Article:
The prescription opioid epidemic: A review of qualitative studies on the progression from initial use to abuse

Theodore J. Cicero, Matthew S. Ellis

Research output: Contribution to journalArticle

23 Scopus citations

Abstract

Most research designed to answer the "why" of the prescription opioid epidemic has relied on structured interviews, which rigidly attempt to capture the complex reasons people use opioids. In contrast, this systematic literature review focuses on peer-reviewed studies that have used a qualitative approach to examine the development of an opioid-use disorder from the point of initial exposure. Rather than simply providing a "high," opioids reportedly relieve psychological/emotional problems or provide an escape from life stressors. As use continues, avoidance of withdrawal sickness becomes an overriding concern, with all other benefits playing minor roles in persistent use. These studies indicate that terms used in structured interviews, such as "nontherapeutic use" or variations thereof, poorly capture the complex range of needs opioids satisfy. Both quantitative/structured studies and more qualitative ones, as well as more focused studies, have an important role in better informing prevention and treatment efforts.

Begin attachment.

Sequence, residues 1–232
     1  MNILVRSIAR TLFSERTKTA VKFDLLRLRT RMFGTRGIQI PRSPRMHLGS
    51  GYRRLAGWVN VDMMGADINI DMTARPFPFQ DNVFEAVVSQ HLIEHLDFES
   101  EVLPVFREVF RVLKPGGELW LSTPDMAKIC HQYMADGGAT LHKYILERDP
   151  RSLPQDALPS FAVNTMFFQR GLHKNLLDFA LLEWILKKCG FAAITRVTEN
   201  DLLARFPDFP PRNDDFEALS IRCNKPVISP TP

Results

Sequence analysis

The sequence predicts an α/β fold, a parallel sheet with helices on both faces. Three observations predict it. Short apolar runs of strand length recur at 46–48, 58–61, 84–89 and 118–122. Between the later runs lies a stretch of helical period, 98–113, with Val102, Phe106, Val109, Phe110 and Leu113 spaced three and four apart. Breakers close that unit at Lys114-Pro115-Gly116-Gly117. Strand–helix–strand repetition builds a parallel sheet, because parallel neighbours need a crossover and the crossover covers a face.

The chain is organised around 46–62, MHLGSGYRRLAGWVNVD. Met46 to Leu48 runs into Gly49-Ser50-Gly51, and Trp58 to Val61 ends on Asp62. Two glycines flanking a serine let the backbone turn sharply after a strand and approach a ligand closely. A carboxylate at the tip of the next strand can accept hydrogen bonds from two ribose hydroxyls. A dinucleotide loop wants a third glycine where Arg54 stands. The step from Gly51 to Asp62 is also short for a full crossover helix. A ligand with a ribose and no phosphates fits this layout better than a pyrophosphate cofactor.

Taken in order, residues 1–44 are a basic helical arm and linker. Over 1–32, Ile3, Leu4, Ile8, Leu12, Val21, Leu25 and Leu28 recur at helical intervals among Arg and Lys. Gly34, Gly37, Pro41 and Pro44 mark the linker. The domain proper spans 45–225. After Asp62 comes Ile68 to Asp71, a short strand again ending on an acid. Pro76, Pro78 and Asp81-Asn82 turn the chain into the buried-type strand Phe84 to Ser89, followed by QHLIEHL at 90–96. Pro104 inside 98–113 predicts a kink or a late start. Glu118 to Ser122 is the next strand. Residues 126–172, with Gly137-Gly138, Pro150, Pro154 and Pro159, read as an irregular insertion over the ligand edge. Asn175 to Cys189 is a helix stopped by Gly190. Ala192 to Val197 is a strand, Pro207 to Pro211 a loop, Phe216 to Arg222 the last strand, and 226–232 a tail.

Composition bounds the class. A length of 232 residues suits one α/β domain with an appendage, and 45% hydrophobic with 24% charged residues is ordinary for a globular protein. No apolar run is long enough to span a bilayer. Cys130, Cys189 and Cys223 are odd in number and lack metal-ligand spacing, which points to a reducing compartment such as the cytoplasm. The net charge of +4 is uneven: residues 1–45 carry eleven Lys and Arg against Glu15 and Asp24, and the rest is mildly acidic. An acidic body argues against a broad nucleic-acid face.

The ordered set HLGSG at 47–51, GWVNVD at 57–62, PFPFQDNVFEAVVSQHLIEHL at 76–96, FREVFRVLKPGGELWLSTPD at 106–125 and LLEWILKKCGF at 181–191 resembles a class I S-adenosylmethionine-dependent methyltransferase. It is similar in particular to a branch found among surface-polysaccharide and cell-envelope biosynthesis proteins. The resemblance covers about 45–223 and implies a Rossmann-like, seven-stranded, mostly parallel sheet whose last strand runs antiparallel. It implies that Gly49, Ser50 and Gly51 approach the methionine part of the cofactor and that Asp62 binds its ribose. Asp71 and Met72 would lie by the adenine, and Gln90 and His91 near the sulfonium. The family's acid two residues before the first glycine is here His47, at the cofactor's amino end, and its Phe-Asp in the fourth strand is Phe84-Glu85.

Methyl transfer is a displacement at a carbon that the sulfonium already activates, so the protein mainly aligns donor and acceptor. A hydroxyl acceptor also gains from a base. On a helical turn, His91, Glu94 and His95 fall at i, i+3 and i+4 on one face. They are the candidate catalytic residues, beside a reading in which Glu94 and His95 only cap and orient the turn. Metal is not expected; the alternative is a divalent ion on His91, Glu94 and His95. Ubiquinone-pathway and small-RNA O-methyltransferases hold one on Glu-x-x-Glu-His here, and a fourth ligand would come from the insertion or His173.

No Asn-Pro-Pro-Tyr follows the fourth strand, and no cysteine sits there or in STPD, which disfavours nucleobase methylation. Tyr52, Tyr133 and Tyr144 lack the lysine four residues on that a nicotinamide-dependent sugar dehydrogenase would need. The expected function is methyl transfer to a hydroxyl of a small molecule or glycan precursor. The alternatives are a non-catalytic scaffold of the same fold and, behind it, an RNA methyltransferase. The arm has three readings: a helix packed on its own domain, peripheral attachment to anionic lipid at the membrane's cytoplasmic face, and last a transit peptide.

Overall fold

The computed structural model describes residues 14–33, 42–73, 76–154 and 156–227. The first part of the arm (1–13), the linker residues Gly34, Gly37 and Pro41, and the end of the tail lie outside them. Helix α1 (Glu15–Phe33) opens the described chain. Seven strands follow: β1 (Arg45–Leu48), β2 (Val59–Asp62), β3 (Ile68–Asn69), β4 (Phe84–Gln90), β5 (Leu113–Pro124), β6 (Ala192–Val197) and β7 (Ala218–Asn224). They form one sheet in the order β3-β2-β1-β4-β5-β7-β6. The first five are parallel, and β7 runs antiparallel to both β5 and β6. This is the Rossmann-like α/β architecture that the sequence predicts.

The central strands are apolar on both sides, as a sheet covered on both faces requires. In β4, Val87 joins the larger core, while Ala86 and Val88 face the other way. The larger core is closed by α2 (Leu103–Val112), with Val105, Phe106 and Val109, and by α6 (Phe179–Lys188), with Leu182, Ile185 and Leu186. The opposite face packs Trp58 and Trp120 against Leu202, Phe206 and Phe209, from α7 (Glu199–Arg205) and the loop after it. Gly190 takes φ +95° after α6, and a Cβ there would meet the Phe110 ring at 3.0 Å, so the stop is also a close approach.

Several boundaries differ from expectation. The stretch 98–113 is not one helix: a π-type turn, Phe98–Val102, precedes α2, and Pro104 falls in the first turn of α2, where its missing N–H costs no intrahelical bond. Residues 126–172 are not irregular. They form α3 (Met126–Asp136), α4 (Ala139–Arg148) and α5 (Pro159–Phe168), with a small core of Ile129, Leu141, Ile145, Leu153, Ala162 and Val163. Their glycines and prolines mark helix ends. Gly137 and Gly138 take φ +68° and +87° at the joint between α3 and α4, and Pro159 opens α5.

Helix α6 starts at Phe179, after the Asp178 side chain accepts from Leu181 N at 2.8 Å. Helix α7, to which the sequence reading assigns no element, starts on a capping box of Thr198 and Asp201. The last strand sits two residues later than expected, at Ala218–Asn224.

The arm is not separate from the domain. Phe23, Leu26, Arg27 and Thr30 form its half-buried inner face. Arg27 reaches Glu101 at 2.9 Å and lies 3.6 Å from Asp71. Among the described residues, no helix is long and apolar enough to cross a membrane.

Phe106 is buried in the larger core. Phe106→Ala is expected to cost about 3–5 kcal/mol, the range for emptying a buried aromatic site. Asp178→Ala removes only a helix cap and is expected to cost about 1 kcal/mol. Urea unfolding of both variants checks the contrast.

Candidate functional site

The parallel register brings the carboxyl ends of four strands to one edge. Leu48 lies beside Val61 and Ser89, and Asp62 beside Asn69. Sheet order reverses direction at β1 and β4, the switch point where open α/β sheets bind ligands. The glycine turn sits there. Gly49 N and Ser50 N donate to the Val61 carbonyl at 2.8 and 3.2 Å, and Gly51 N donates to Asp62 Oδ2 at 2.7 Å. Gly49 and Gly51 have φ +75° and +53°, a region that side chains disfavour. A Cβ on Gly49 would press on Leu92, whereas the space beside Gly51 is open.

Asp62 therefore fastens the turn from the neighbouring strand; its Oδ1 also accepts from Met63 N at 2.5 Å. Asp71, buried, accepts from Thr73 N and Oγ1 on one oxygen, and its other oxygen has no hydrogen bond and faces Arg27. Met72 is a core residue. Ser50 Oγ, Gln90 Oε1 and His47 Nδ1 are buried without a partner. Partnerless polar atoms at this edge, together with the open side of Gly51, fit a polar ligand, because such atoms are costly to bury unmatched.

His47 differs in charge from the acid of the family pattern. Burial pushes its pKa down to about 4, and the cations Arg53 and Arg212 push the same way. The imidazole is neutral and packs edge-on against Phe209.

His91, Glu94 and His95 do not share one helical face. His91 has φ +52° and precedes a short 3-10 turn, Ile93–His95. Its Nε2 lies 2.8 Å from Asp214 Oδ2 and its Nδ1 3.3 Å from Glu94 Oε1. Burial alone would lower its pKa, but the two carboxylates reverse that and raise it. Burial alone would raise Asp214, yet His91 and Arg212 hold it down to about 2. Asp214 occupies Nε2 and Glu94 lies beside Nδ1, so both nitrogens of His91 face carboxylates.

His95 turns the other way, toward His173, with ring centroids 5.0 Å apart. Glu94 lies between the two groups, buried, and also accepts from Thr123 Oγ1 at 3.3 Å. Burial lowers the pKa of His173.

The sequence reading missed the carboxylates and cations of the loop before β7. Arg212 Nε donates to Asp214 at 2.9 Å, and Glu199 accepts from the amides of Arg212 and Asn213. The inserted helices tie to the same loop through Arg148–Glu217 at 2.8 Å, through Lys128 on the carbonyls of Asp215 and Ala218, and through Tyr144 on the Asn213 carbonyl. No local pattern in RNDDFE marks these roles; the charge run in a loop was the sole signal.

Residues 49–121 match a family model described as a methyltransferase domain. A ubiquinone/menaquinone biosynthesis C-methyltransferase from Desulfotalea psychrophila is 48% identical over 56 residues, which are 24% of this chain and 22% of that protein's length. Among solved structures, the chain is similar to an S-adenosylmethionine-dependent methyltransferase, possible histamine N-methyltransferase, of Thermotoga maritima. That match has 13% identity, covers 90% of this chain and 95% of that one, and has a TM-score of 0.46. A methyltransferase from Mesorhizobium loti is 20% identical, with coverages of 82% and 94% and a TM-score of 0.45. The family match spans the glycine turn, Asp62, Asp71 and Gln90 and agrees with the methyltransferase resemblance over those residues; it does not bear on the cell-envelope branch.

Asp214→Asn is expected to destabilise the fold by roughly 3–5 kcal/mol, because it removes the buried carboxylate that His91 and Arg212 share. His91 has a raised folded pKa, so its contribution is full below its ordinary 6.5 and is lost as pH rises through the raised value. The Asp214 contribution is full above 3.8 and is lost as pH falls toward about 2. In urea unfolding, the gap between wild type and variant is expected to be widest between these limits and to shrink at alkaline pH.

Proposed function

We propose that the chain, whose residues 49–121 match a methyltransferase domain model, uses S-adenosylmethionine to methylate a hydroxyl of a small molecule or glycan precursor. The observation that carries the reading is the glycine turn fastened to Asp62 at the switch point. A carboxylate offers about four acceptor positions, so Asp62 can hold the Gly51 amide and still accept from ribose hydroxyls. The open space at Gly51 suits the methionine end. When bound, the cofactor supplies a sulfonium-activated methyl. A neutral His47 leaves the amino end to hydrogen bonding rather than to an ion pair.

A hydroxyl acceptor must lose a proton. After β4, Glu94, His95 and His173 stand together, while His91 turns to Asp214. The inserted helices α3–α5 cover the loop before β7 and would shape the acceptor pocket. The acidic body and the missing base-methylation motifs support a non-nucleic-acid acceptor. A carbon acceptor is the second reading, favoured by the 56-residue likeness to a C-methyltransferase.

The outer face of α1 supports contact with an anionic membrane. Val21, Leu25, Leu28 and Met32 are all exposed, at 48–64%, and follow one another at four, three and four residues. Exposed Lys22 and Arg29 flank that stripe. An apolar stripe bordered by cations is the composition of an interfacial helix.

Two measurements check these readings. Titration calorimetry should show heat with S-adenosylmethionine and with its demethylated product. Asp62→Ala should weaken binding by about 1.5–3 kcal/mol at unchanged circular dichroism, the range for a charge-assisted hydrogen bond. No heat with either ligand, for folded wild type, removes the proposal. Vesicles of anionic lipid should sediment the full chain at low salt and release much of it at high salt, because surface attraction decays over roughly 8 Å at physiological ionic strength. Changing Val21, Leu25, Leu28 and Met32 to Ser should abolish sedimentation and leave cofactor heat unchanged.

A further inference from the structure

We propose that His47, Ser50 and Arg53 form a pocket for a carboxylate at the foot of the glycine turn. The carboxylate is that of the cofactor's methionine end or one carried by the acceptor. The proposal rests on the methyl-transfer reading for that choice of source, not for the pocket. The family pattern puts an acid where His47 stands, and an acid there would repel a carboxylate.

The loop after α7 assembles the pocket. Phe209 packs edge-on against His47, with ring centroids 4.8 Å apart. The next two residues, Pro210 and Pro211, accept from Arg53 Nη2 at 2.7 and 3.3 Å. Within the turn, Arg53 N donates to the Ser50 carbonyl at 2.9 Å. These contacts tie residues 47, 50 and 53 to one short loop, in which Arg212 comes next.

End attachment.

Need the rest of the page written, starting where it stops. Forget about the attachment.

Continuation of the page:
Original languageEnglish
Pages (from-to)259-269
Number of pages11
JournalDialogues in Clinical Neuroscience
Volume19
Issue number3
StatePublished - Sep 1 2017

Keywords

  • Heroin use
  • Prescription opioid abuse
  • Progression of opioid use disorder
  • Qualitative data
  • Qualitative review

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